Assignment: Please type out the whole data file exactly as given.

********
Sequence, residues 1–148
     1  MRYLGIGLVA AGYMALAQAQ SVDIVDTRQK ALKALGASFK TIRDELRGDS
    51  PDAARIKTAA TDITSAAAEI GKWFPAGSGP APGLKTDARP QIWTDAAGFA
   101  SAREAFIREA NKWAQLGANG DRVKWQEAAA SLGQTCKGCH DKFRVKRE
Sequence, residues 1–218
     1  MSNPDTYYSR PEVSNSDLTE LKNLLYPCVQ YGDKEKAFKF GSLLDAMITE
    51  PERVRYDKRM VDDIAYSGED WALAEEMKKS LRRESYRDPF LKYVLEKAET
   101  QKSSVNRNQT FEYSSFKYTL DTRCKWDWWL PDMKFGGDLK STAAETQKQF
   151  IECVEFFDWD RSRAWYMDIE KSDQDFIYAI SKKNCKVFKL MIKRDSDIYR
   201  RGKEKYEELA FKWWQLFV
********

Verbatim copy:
Sequence, residues 1–148
     1  MRYLGIGLVA AGYMALAQAQ SVDIVDTRQK ALKALGASFK TIRDELRGDS
    51  PDAARIKTAA TDITSAAAEI GKWFPAGSGP APGLKTDARP QIWTDAAGFA
   101  SAREAFIREA NKWAQLGANG DRVKWQEAAA SLGQTCKGCH DKFRVKRE
Sequence, residues 1–218
     1  MSNPDTYYSR PEVSNSDLTE LKNLLYPCVQ YGDKEKAFKF GSLLDAMITE
    51  PERVRYDKRM VDDIAYSGED WALAEEMKKS LRRESYRDPF LKYVLEKAET
   101  QKSSVNRNQT FEYSSFKYTL DTRCKWDWWL PDMKFGGDLK STAAETQKQF
   151  IECVEFFDWD RSRAWYMDIE KSDQDFIYAI SKKNCKVFKL MIKRDSDIYR
   201  RGKEKYEELA FKWWQLFV